panic09

03-06-2008, 11:28 AM

Help needed. Here is the problem....

If Y is a negative binomial random variable (i.e. Y~nb(p,m)) then EY = mq/p and VarY = mq/p^2. Show that [Y - EY] / VarY converges in distribution to a standard normal distribution.

Here is my answer so far....

By Central Limit Theorem, I know sqrt(n)*(Ybar - EY)/sqrt(VarY) is distributed N(0,1). Ybar is the sum of n i.i.d. random variables divided by n so the above can be rewritten sqrt(n)*(Y - EY)/sqrt(VarY) but that is not quite what I need. I need that sqrt(n) to go away but i'm not sure where i've gone wrong.

Any help would be much appreciated...Thanks

If Y is a negative binomial random variable (i.e. Y~nb(p,m)) then EY = mq/p and VarY = mq/p^2. Show that [Y - EY] / VarY converges in distribution to a standard normal distribution.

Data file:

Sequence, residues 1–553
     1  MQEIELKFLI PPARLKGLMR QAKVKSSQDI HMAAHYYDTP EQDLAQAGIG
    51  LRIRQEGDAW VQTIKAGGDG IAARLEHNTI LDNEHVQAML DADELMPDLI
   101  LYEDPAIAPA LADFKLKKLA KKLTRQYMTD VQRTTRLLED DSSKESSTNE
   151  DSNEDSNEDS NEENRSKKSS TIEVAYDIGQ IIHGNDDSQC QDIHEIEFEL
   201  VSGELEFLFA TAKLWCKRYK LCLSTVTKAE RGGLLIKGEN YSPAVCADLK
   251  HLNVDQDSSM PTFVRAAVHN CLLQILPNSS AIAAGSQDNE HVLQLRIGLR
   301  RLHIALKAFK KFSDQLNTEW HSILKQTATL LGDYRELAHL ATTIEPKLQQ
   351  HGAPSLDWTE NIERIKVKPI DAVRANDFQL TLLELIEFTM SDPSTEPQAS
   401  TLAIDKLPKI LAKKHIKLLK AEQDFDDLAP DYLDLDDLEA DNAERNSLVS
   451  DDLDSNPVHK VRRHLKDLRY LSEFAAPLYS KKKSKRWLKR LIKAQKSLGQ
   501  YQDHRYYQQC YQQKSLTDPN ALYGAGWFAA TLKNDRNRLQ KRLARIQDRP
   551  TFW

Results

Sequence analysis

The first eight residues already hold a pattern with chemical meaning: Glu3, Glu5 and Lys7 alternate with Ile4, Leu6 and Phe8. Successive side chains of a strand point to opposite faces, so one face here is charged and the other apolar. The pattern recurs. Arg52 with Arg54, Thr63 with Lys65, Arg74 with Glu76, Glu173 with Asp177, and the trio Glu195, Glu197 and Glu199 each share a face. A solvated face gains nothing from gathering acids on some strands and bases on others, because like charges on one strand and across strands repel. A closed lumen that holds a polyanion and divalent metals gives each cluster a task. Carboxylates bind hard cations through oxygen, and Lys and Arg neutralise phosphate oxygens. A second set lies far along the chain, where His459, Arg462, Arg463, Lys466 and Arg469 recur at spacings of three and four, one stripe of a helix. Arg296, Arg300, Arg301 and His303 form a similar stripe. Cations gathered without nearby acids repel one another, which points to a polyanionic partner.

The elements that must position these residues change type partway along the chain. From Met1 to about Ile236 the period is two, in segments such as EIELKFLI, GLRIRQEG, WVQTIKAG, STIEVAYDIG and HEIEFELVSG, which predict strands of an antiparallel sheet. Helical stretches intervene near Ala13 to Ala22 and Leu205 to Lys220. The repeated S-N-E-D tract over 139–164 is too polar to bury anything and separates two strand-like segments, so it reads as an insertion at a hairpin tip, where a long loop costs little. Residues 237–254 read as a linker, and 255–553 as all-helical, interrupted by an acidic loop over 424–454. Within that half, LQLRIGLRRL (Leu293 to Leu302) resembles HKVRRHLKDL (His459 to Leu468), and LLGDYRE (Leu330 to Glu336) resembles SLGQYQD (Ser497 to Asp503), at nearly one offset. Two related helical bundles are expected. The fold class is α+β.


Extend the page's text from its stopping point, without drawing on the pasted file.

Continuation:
Here is my answer so far....

By Central Limit Theorem, I know sqrt(n)*(Ybar - EY)/sqrt(VarY) is distributed N(0,1). Ybar is the sum of n i.i.d. random variables divided by n so the above can be rewritten sqrt(n)*(Y - EY)/sqrt(VarY) but that is not quite what I need. I need that sqrt(n) to go away but i'm not sure where i've gone wrong.

Any help would be much appreciated...Thanks